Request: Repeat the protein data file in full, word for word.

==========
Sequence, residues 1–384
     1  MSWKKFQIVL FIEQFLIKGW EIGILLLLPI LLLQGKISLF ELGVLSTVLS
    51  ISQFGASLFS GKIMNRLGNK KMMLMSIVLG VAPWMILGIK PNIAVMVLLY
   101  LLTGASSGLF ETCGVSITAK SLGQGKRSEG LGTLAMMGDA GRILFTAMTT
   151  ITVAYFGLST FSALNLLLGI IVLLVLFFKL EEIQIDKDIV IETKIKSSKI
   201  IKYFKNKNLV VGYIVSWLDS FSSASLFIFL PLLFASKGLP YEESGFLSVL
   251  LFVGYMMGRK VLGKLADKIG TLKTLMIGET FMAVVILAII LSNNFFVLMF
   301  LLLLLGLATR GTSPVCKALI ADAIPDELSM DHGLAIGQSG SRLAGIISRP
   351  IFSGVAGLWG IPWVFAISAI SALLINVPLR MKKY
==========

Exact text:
Sequence, residues 1–384
     1  MSWKKFQIVL FIEQFLIKGW EIGILLLLPI LLLQGKISLF ELGVLSTVLS
    51  ISQFGASLFS GKIMNRLGNK KMMLMSIVLG VAPWMILGIK PNIAVMVLLY
   101  LLTGASSGLF ETCGVSITAK SLGQGKRSEG LGTLAMMGDA GRILFTAMTT
   151  ITVAYFGLST FSALNLLLGI IVLLVLFFKL EEIQIDKDIV IETKIKSSKI
   201  IKYFKNKNLV VGYIVSWLDS FSSASLFIFL PLLFASKGLP YEESGFLSVL
   251  LFVGYMMGRK VLGKLADKIG TLKTLMIGET FMAVVILAII LSNNFFVLMF
   301  LLLLLGLATR GTSPVCKALI ADAIPDELSM DHGLAIGQSG SRLAGIISRP
   351  IFSGVAGLWG IPWVFAISAI SALLINVPLR MKKY